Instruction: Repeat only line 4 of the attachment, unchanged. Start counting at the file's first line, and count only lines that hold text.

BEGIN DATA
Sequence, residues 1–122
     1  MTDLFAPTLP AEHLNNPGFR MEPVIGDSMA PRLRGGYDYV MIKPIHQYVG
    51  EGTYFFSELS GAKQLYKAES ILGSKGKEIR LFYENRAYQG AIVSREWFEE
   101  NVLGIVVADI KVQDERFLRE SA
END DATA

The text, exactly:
   101  NVLGIVVADI KVQDERFLRE SA